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The p53-Bak Apoptotic Signaling Axis Plays an Essential Role in Regulating Differentiation of the Ocular Lens

[ Vol. 12 , Issue. 8 ]


M. Deng, P. Chen, F. Liu, S. Fu, H. Tang, Y. Fu, Z. Xiong, S. Hui, W. Ji, X. Zhang, L. Zhang, L. Gong, X. Hu, W. Hu, S. Sun, J. Liu, L. Xiao, W. -B. Liu, Y. -M. Xiao, S. -J. Liu, Y. Liu and D. W.-C. Li   Pages 901 - 916 ( 16 )


The tumor suppressor p53 is a master regulator of apoptosis and also plays a key role in cell cycle checking. In our previous studies, we demonstrated that p53 directly regulates Bak in mouse JB6 cells (Qin et al. 2008. Cancer Research. 68(11):4150) and that p53-Bak signaling axis plays an important role in mediating EGCG-induced apoptosis. Here, we demonstrate that the same p53-Bak apoptotic signaling axis executes an essential role in regulating lens cell differentiation. First, during mouse lens development, p53 is expressed and differentially phosphorylated at different residues. Associated with p53 expression, Bak is also significantly expressed during mouse lens development. Second, human p53 directly regulates Bak promoter and Bak expression in p53 knockout mice (p53-/-) was significantly downregulated. Third, during in vitro bFGF-induced lens cell differentiation, knockdown of p53 or Bak leads to significant inhibition of lens cell differentiation. Fourth, besides the major distribution of Bak in cytoplasm, it is also localized in the nucleus in normal lens or bFGF-induced differentiating lens cells. Finally, p53 and Bak are co-localized in both cytoplasm and nucleus, and their interaction regulates the stability of p53. Together, these results demonstrate for the first time that the p53-Bak apoptotic signaling axis plays an essential role in regulating lens differentiation.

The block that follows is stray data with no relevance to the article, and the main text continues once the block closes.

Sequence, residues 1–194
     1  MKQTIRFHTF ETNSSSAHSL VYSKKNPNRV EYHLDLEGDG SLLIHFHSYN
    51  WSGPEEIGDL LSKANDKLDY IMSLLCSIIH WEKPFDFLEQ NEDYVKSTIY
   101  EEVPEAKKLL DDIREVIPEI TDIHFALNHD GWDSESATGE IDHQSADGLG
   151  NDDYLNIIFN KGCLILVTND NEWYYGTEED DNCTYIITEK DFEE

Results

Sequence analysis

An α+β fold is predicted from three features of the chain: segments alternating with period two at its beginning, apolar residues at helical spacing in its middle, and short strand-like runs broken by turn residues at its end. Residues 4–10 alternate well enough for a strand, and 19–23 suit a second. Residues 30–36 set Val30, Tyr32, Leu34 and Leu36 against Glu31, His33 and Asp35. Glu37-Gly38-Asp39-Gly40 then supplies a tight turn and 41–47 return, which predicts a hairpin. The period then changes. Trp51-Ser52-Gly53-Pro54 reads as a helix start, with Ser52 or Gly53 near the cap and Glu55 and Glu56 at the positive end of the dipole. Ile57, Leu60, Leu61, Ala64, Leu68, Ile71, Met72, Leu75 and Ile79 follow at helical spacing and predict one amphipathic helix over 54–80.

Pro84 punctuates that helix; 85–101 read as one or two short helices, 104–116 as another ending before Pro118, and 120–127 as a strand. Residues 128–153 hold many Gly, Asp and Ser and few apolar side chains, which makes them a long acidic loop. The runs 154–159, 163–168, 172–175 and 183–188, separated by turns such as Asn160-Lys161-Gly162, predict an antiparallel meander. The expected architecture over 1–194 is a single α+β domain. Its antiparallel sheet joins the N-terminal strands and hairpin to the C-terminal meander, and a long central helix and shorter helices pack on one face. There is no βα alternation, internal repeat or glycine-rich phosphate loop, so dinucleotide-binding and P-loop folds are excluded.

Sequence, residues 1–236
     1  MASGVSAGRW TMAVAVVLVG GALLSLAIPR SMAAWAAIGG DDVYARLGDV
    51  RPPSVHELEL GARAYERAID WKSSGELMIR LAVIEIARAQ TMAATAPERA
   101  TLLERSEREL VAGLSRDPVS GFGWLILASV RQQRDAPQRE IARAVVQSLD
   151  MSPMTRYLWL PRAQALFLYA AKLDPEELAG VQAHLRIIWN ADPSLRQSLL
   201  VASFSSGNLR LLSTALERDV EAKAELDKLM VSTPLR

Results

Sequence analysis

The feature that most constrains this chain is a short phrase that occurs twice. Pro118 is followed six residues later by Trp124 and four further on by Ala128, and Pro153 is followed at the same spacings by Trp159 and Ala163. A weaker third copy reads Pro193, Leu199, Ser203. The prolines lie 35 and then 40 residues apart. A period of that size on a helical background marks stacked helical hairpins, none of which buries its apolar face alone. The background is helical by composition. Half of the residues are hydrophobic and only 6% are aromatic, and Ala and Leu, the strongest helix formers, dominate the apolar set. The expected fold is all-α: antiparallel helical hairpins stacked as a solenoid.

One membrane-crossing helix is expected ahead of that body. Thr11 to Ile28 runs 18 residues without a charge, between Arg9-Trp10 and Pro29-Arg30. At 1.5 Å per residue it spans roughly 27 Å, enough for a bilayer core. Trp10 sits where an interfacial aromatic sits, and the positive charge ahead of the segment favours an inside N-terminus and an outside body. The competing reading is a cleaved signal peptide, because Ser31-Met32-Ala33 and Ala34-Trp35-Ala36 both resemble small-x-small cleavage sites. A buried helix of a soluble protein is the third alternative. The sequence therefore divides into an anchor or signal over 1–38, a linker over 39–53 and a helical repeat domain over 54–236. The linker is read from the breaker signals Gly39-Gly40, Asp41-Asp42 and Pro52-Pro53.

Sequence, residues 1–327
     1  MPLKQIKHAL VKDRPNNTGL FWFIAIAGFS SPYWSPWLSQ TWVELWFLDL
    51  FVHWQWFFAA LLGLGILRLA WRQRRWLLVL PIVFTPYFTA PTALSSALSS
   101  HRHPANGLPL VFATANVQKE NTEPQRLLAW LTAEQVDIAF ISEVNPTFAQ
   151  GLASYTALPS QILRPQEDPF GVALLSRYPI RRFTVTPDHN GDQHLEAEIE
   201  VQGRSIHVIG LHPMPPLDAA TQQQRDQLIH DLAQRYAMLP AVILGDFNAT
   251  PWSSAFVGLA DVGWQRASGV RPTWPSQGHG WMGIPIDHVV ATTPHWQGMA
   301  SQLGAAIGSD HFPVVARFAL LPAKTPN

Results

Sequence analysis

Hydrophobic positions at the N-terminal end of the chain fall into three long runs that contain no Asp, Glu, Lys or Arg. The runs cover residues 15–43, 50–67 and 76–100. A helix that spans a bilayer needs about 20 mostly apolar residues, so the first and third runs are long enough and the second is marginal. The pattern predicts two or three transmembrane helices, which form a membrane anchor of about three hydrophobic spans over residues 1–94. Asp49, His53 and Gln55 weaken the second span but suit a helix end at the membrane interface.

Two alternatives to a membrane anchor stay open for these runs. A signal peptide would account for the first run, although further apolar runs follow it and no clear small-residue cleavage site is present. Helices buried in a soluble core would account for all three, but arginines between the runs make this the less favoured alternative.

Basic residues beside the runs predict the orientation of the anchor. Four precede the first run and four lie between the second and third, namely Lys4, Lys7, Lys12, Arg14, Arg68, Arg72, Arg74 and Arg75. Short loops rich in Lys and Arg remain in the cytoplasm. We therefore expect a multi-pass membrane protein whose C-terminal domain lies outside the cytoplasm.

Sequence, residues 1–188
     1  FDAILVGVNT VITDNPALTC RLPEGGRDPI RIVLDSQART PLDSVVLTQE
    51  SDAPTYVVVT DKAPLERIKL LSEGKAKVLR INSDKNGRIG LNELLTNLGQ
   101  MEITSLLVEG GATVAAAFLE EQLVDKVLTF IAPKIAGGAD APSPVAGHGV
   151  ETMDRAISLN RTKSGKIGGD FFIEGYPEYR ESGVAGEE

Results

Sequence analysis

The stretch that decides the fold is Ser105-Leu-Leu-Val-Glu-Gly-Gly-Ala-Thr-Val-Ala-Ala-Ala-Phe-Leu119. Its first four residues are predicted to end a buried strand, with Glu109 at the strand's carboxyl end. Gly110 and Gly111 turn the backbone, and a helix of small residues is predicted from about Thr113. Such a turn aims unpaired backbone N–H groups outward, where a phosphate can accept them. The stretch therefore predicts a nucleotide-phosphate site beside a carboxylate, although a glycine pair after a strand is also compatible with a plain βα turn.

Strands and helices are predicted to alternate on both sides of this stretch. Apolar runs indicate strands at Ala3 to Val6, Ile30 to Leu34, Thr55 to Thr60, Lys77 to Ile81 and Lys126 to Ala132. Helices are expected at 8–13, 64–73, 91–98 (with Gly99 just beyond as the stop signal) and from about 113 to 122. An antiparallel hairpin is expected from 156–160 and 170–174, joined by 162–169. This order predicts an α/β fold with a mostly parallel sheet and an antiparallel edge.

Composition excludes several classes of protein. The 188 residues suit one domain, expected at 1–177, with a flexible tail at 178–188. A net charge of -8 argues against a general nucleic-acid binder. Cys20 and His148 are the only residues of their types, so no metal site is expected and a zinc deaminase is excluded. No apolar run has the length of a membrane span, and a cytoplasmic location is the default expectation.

Apoptosis, Bak, cataract, cell differentiation, lens, p53, signaling pathway, tumor suppressor, gene expression, transcription regulation, apoptotic machinery, tumor, transcriptional factor, chromosome, ocular lens, cataractogenesis, antibodies, immunohistochemistry.


Department of Biochemistry and Molecular Biology, University of Nebraska Medical Center, Omaha, Nebraska 68198-5870; USA.

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